President Obama's first overture to Cuba is a good one.

It is useful to remember that the Bush administration inherited a policy that allowed U.S. residents with families in Cuba to visit relatives on the island once per year. In the election year of 2004 it tightened that restriction to one visit of 14 days every three years.

Whatever its merits from a geopolitical standpoint (and we don't imagine there are many), this arbitrary limit was a hard blow to Cuban-American families.

As step one in the long task of bringing about constructive change in our relationship with Cuba, we can't think of a better place to start.

Fidel himself (the ailing former president blogs on a Cuban website) called the move "positive in itself, although minimal," adding that "many others are needed." In a separate post, he said, "The conditions have been created for Obama to employ his talent in a constructive policy that would put an end to the one that has failed for almost 50 years."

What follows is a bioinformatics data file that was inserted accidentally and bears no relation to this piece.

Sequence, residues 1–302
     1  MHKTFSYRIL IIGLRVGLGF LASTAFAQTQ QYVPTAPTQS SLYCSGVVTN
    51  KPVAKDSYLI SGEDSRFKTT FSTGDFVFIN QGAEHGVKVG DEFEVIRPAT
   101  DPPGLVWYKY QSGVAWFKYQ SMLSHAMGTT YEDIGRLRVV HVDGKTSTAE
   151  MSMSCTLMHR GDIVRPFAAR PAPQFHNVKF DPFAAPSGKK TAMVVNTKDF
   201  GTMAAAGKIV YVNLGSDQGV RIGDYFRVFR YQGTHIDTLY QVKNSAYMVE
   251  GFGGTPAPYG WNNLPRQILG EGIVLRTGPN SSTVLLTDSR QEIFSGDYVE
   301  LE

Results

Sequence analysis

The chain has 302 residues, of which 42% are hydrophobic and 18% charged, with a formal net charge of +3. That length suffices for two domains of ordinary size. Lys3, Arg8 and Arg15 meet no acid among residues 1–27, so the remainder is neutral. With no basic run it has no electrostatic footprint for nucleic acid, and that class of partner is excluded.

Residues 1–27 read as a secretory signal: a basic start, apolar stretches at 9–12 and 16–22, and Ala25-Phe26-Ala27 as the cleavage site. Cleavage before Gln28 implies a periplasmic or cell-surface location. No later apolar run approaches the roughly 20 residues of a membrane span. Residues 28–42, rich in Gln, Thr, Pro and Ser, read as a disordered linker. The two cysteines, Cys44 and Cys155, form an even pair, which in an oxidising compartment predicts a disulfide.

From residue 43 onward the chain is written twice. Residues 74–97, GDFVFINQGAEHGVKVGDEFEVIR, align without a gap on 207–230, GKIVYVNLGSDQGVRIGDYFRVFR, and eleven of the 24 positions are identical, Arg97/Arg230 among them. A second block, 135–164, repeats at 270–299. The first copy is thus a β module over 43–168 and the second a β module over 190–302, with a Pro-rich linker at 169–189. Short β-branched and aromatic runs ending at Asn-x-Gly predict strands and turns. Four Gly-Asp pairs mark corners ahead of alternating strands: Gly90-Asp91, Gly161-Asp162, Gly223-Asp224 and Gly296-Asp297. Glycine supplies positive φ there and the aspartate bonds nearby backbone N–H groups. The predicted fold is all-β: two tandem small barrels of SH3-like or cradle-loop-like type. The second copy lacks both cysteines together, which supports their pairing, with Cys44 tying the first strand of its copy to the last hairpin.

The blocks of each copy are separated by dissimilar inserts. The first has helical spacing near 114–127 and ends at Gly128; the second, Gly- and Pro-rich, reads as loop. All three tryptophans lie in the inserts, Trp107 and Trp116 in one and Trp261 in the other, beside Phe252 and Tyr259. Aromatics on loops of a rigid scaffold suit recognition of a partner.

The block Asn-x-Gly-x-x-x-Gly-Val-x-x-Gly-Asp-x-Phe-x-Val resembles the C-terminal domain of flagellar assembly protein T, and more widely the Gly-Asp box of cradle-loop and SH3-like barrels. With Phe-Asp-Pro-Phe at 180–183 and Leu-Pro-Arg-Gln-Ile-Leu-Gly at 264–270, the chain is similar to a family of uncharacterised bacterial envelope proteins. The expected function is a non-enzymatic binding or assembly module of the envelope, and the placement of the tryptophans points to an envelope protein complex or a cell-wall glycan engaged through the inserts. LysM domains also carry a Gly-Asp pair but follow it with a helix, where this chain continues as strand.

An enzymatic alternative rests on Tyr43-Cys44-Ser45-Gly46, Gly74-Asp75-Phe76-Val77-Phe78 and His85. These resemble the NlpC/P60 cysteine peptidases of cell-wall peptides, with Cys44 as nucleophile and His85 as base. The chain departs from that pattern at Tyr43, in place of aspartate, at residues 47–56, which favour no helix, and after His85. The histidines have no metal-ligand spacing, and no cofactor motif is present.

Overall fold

Castro said, and has said, a great deal more than that, and not all of it was remotely conciliatory, but there is a hint of an opening here, and we hope both sides can make the most of it.

We realize that much has to happen before the U.S. and Cuba can begin to normalize relations, but as far as we're concerned it can't happen soon enough.

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